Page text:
On 11 January 2022, the Government published a consultation in respect of the draft Regulations to secure a net gain in biodiversity
, along with the implementation of such Regulations. These Regulations will execute the provisions within the Environment Act, enacted in November 2021, which make it a requirement for planning authorities to make every permission (with limited exceptions) subject to a condition requiring a biodiversity gain plan to be approved by the planning authority, before the commencement of development.
In short, the Environment Act sets out that the biodiversity gain plan should include an assessment of; (1) the pre-development biodiversity value of the development site; (2) its post-development value along with any registered offsite biodiversity gain allocated to the development, and; (3) the biodiversity value of any biodiversity credits that have been purchased. Having carried out this assessment, it is a requirement that the plan demonstrates the biodiversity gain objective is met, which is that at least a 10% net gain in biodiversity has been achieved.
Whilst the Environment Act introduced these measures, they do not come into force until a date that Secretary of State sets out within separate Regulations, being those that are currently a subject of this consultation. The consultation confirms that the provision in the Environment Act will come into force two years from its enactment (i.e. in November 2023).
The consultation also provides some useful indication in respect of the details which will be set out within the Regulations, briefly summarised below:
- Developments the Government are considering to exempt from these provisions include those likely to have a minimal impact on biodiversity (examples given are street furniture or boundary walls), householder applications, creation of biodiversity gain sites, self build or custom housebuilding sites
- Developments that were previously going to be exempt but are now being considered to not be exempt are brownfield sites, temporary permissions, developments where permitted development are not applicable due to their sensitive location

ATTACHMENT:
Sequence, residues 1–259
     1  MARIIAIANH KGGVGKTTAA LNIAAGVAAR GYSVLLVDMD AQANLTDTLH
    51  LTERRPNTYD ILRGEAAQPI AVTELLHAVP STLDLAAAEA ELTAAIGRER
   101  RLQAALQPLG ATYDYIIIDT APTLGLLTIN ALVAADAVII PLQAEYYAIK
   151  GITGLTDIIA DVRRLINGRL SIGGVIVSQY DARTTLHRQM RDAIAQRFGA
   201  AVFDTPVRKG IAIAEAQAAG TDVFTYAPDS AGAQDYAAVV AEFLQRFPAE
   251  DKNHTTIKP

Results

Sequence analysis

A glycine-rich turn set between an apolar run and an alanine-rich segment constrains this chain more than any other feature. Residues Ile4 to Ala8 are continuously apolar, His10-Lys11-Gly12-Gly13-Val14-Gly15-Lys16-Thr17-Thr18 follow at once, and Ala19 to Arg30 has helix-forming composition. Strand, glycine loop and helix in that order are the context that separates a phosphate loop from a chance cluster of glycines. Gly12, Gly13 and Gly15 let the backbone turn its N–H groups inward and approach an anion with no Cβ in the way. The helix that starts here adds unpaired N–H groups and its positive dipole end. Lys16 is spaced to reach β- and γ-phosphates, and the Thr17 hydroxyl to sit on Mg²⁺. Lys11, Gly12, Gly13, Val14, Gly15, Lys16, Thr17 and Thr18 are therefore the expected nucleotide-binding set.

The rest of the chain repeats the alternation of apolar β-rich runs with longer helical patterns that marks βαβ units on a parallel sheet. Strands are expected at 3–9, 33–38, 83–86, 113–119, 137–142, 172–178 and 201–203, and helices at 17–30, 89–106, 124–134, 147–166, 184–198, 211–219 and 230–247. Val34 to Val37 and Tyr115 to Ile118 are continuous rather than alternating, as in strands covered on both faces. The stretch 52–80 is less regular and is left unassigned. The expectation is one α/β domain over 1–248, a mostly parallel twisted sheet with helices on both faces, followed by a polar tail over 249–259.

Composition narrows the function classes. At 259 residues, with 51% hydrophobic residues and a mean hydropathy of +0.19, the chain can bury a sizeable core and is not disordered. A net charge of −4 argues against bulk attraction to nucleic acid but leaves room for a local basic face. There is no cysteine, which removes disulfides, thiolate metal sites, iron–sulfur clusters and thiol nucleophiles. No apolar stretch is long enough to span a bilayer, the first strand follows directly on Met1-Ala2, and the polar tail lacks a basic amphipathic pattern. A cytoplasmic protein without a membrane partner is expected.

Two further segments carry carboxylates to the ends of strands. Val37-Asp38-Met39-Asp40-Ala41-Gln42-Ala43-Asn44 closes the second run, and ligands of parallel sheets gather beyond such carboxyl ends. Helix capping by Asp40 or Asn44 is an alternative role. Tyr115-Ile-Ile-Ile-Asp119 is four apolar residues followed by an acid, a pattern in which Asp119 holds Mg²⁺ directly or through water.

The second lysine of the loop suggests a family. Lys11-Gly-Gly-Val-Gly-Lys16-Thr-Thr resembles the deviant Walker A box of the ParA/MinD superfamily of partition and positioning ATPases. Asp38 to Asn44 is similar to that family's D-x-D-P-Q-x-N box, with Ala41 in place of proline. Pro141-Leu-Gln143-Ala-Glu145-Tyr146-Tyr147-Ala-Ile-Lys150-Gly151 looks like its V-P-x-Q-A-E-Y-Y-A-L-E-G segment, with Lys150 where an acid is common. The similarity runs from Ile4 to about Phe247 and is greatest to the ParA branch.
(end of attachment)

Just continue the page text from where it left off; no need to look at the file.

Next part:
- Developments taking place in a statutory designated site or involving the loss of irreplaceable habitat (such as ancient or veteran trees) will not be subject to the net gain condition as it would be impossible to calculate the loss of such habitat due to their high value. In such locations a bespoke assessment is likely to be required
- It confirms that the Government intend to take forward a simplified biodiversity metric calculation for small sites, i.e. those involving less than 10 dwellings or an area of less than 0.5 hectares
- It confirms that the Government will mandate by secondary legislation that certain biodiversity gain information must be provided with an application for planning permission as a validation requirement. This biodiversity gain information will include:
- pre-development biodiversity value
- steps taken to minimise biodiversity impacts
- proposed approach to enhancing biodiversity on-site, and
- proposed off-site biodiversity (including credits) that has been planned or arranged
- The biodiversity gain information will need to be supplemented by the biodiversity net gain plan prior to commencement of development, which the local authority should only approve when it demonstrates a measurable net gain of at least 10%
- Preference is that net gain will be demonstrated on-site, but the consultation confirms that developers will be able to deliver off-site biodiversity enhancements on other landholdings or purchase biodiversity units on the market from other landowners (which should be as near to the site as possible)
- To count towards a development’s net gain requirement, off-site biodiversity gains will need to be secured through a conservation covenant or planning obligation and registered prior to formal approval of the biodiversity gain plan
- Developers or landowners will be able to enhance the biodiversity value of sites to sell credits on a market. Local authorities will be able to sell biodiversity units on their own land or act as a broker for third party units, but in doing so they will need to manage any conflicts of interest
- The Government are considering allowing developers to sell off the net gains above the statutory requirements as off-site credits for another development. To ensure additionality, the excess gains should be distinct from those necessary to meet the biodiversity net gain requirements for the original development or to make the original planning application acceptable in planning terms
Developers and their ecological consultants may wish to comment on these proposals. The team at DMH Stallard would be happy to discuss any of the aspects set out above in more detail. The Government are asking for responses in respect of this consultation to be submitted by 5 April 2022.